Doubtful Sound. New Zealand.
Moments after capturing
this tranquil spectacle of swirling dawn mists back-lit by
cascading sunlight my camera jammed and a pod of dolphins
broke the mirror like reflection. Alas, without the camera,
I leaped in the kayak and had virtually an hour racing with
about 30 cavorting dolphins. An incredible interaction, of
screams and cries which spurred them on to jump, sometimes
two at a time, out of the water just clear of the bow.
Moorea. French Polynesia.
Sheltering from torrential tropical
downpours I chatted with these traditional fishermen until
a break in the weather lead them away in to the sunset.
Cape York. Australia.
My favourite Aboriginal art photograph
from countless forages in to the Australian bush. The light
at the end of the day made the rock and paintings come alive.
Possibly four generations in line
relaxing in the sun watching with intrigue as my colleague,
Stuart, runs past.
I was close enough here with a
good long lens to elicit a suspicious smile though far enough
away not to be too confrontational.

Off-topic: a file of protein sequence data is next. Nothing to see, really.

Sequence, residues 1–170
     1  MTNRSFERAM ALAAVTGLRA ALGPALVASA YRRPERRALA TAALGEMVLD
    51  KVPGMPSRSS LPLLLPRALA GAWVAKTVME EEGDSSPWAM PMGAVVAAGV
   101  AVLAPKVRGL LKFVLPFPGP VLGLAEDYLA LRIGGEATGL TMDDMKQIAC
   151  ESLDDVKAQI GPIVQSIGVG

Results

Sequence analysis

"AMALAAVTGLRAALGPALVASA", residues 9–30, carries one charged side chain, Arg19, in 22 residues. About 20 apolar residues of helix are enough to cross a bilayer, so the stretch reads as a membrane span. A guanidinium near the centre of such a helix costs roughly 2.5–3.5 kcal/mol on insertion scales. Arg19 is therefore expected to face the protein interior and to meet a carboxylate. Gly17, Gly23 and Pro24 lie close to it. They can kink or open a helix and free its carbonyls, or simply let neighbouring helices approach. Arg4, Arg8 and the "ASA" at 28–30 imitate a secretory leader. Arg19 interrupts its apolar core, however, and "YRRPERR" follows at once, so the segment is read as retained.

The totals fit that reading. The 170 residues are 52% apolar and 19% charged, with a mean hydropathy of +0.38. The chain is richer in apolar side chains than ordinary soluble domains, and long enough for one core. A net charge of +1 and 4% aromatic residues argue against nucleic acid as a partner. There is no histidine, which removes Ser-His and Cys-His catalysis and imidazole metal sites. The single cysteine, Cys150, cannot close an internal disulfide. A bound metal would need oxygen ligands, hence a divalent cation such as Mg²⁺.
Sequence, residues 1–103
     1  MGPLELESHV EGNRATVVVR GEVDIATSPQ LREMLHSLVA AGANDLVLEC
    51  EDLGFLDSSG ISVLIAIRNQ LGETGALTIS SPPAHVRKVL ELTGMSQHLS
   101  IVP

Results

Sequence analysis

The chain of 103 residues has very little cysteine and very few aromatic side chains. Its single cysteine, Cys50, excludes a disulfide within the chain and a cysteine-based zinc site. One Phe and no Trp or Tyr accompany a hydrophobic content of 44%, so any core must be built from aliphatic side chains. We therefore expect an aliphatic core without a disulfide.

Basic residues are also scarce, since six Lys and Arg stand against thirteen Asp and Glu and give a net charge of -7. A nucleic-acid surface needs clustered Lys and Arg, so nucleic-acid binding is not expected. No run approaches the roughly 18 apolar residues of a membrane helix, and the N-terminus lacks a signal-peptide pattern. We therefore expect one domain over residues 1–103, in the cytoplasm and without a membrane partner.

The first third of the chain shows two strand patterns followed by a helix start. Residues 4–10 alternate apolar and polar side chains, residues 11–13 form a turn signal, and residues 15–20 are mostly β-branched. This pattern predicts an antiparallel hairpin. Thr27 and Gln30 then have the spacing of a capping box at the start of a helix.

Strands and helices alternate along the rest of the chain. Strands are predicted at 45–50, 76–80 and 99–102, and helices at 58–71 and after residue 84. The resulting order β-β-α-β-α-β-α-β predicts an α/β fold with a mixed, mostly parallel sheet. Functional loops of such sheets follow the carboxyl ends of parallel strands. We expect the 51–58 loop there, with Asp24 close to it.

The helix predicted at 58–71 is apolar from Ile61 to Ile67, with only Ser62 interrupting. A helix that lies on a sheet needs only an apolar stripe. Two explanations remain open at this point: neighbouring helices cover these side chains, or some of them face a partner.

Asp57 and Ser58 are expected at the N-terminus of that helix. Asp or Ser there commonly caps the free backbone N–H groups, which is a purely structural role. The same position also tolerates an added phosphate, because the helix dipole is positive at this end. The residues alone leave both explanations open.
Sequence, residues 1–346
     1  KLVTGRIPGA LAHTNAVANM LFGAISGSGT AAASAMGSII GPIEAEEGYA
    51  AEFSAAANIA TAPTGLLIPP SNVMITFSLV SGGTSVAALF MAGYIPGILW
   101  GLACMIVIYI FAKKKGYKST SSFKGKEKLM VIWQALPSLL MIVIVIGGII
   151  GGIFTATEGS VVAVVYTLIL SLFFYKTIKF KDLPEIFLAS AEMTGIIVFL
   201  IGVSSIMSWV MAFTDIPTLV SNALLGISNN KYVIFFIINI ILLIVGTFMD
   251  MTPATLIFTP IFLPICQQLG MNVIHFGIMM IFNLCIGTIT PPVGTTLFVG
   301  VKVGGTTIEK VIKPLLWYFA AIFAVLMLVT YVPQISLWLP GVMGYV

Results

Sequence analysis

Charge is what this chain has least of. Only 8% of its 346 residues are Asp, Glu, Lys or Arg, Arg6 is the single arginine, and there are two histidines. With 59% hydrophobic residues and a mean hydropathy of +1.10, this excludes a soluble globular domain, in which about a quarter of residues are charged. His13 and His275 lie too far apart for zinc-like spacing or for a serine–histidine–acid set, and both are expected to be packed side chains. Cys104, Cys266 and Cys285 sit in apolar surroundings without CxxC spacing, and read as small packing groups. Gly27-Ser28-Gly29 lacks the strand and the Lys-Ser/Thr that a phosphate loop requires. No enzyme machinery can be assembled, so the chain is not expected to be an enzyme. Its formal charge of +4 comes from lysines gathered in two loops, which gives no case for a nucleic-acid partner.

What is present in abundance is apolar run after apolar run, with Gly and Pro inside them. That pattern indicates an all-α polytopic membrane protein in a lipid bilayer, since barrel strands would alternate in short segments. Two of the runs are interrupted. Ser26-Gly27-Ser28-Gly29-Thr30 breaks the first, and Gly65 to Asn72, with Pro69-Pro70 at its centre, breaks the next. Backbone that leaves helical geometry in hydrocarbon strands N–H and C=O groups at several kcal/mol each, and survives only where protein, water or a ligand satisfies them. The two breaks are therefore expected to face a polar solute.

Bryce Canyon. Utah.
We bivouacked by the Canyon rim
to be sure not to miss the spectacle of sunrise over this
incredible natural wonder.
Black and White Gallery
Huahine. French Polynesia.
At sundown the fish start
nibbling and everyone tries their luck. I caught dinner, a
Bonito Tuna, from the same patch of water though from the
vantage of a cargo ships bow.
Bungle Bungles. Western Australia.
Like towering egg pods
left millions of years ago by gigantic insects from another
world the Bungles let the imagination run free to form theories
to explain how these magnificent ancient formations came to
Kimberley. Australia. Windjana Gorge.
Shocked a handful of tourists
by taking an early morning bathe and swimming with the relatively
harmless Johnston Crocodiles, lying down nearby to dry off.
Isle of Syke. Scotland.
A dramatic cloudburst as
the sun slides down over Loch Leathan for the last day of
Yak Kharka. Nepal.
Return of the weevils.